Your Business Could Face Implications from Inheritance Tax

26th July 2015

The business has been in your family for generations. It’s seen war and economic decline, but here it is, still going strong. It’s as much a part of your family as your own mother, and like her, it has persevered through the warp speed, rollercoaster of time.

You’ve taken care of every administrative matter. Long nights have been spent developing a marketing strategy, and, then, you’ve revised it once this new era of technology dawned. Business plans have been written, loans have been taken out, and loans have been paid in full. You did your duty to Queen and Country by always paying your taxes on time.

A new beast – apt term for Inheritance Tax –  now stands in your midst, and you’re not quite sure how to tackle it. There are several factors that determine whether or not it will affect your business.

Inheritance Tax

Business owners should get all of their legal affairs in order before they pass on if it can be helped. In general, the worth of your estate (i.e. business and home property, money, and possessions) must be more than £325,000 for the Inheritance Tax to apply to you. Lawyers and accountants should be able to help figure out the value of these things.

If the value of your estate is above the £325,000 threshold, 40% must be paid (or 36% if you donate 10% of your estate to charity). Who pays the Inheritance Tax depends on a few factors. The person named in the will (executor) or the person who handles the estate in absence of a will (administrator) is responsible for paying the tax. Someone who receives an inheritance may not have to pay the tax but may have to pay other types of tax.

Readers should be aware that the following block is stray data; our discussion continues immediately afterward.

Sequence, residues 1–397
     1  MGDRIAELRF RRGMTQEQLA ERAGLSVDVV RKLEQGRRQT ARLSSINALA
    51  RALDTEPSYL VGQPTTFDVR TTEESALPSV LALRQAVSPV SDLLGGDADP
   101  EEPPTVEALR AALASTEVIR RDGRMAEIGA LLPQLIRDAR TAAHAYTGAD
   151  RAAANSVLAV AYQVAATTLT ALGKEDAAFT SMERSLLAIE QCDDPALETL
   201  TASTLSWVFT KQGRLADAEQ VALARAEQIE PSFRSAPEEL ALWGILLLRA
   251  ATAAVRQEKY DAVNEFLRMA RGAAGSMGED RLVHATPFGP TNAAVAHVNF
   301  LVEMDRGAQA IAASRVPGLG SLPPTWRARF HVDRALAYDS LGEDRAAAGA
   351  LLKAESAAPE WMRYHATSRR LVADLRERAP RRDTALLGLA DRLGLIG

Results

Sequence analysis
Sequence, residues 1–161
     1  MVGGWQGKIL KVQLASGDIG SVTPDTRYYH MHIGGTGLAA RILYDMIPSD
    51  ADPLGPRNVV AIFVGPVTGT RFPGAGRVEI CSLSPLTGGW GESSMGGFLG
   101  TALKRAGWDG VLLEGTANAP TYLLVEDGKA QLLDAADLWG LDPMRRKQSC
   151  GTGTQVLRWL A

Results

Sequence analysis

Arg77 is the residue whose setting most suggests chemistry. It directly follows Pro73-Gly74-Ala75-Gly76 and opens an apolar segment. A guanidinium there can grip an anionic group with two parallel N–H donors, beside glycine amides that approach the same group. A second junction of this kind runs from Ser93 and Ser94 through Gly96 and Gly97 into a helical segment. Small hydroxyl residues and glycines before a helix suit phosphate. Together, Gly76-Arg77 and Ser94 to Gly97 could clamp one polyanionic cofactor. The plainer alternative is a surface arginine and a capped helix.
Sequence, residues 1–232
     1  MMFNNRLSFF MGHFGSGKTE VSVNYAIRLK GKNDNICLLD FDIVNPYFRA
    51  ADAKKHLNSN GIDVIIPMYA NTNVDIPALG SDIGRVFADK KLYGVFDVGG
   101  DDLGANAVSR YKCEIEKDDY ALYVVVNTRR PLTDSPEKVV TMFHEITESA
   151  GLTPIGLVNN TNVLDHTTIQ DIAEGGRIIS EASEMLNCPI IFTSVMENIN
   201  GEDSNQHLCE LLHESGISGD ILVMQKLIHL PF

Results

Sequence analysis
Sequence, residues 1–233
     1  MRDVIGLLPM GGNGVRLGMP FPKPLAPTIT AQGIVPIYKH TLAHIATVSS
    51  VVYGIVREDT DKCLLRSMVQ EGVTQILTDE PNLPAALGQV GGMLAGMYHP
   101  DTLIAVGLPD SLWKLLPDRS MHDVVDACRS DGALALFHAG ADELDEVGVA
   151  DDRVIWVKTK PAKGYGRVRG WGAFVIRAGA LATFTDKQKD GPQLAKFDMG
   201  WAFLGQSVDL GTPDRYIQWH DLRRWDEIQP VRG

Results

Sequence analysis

Business Relief

Business Relief is available to business owners when valuing the estate to determine Inheritance Tax. Your business’ value is reduced, possibly making it the deciding factor in whether or not you pay the tax.

To qualify for 100% relief, you must (obviously) have a business or interest in it, or you must have shares in an unlisted company.

You’re eligible for 50% relief on shares that control over half of a listed company’s voting rights and on the physical furnishings of a business such as land, buildings, and machinery as long as the deceased was a partner or in control of them.

Businesses not eligible for relief are ones that deal in investments, land/buildings, securities, and stocks/shares. Not-for-profit organisations are not eligible, as well as businesses that are being sold.

Other factors apply so look over them here. It’s important to note the deceased must have owned the business for at least 2 years to qualify for Business Relief.

You want to keep your business in the family for many generations to come. There’s no doubt they will face economic and financial hardships like past generations, but you can help those future owners by taking care of matters now and passing on what you’ve learned.